Summer Camp, part 2

Less than 24-hours back in Korea and it was time to be at another summer camp. This time, summer camp was being hosted by the Song-pa-gu district office in Jamsil.

Something that I’ve always said was a problem with English classes in Korea, is that the vast majority of books and teachers focus on vocabulary, grammar, and everything “western.” So if you were to ask the average Korean about something to do with Korean history, culture, etc. pretty much are hit with a blank stare and a garble of random words.

The Song-pa-gu district office’s summer camp focuses on Korean culture and speaking, particularly with native speakers. Every day about five students (with a teacher from their school and/or parents) from three different schools in the district came to the broadcast studio in the Song-pa district office to meet with three native speakers. Each student was to have prepared a three-minute speech about something, anything really, speeches ranged from introducing their families to the viewing audience, talking about their future plans, talking about their favorite sports hero, etc. After all the students were filmed, their speeches would be shown at a different time, all of us trekked downstairs to the waiting bus to head to the Samsung Children’s Museum.

At the Samsung Children’s Museum, the students played several games to see what skill areas (logic, motor, writing, etc.) do they excel in and what careers those skills could help them in. There’s a two-part logic game, in one part the kids look for opposite cards and cards with different pictures of 3s on a touch screen and the other part, the kids have to figure out the correct number code. Another favorite is the motor skills game, there are students on both sides of the standing up board, a red and blue team, there are colored touch pads that light up, you get a point every time that you hit your side’s button first.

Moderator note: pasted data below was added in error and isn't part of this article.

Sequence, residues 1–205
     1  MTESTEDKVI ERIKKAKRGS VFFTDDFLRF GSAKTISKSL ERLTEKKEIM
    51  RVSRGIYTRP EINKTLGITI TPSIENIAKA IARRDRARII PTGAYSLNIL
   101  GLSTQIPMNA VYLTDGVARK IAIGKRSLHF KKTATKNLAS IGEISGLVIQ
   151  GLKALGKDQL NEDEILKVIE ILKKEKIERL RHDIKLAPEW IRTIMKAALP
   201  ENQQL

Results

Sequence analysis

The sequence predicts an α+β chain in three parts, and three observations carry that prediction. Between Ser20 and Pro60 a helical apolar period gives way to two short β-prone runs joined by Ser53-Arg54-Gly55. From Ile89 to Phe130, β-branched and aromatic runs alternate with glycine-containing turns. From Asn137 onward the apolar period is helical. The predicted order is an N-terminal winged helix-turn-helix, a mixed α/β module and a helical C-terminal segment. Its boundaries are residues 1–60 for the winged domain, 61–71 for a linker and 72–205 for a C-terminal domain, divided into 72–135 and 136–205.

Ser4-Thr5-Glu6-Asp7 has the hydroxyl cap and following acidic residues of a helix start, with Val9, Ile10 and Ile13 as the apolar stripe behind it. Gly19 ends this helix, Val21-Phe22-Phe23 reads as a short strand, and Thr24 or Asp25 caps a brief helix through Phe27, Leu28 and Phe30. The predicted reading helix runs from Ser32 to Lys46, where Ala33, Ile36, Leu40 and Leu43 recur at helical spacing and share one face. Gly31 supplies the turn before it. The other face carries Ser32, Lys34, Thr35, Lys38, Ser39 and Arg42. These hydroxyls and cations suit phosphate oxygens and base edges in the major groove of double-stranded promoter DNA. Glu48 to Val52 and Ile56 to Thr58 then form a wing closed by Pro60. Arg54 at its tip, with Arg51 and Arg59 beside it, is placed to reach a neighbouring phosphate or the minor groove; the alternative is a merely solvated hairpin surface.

After that it’s off to the Lotte World Folk Museum, underneath Lotte World, it traces humans from the first human beings to the Three Kingdoms to Goreya dynasty to the Choseon dynasty, using animated models and miniatures. The kids usually get excited to see the T-Rex move his head and open his mouth. And surprisingly, almost none of the students want to trade their lives in modern day Korean to go live in a cave, a hut, or one of the dynastic periods.

I usually tease the kids about we’re going to see Rain and Big Bang, which some of the kids get excited about until we walk past the displays and the bronzed handprints. Then it’s over to the Songa-pa San-dae-nori, traditional Korean mask dance. It’s pretty funny to see the kids try to do the dance, there’s one part where the kids are supposed to move their hips, but the kids sometimes move their entire upper body like a dinging bell.

My frustrations with the camp, basically stem from people not doing their jobs, the director over promised to the schools and really only had enough teachers for a week. So back in June/July I was asked when I would be available to work at the camp, I told them if that they really needed me I could work the last week. Instead they scheduled me to work the day after I came back from Russia. I showed up Tuesday morning, to see that there were already 3 teachers and I was the fourth and to top it off, there’s only one teacher available for the next week. It later comes out that the district director didn’t pay attention to any of the e-mails that were sent to him.

So when he talked to my supervisor, of course he left out the part about him not reading the e-mails and didn’t put himself into a position of losing face, so he did the next logical thing…blame a native teacher, saying that she lied to the district office and didn’t tell them that she was going to America and would have to be quarentined because of swine flu concerns. So now they need me to work another week and I graciously volunteered to work at least three days – I had said I would work a maximum of two extra days and there are four days in the next work week. So I have to wonder what wasn’t the camp director thinking, if he’s shifting the blame on another native teacher and telling a supervisor about it, as he’s trying to get another native teacher to sign up to fix his problem?!!?!?

Another highlight from the camp was the Korean teachers and the parents, who don’t speak English really, start correcting my English. And the head teacher following me around, stopping me mid-question to tell me that the students aren’t talking enough English and I should ask them questions. And whenever I would help a student put on their dance costumes, the head teacher would come around and undo everything and redress them.

Yeah, I’m happy that I’m finished with that summer camp. Awesome!

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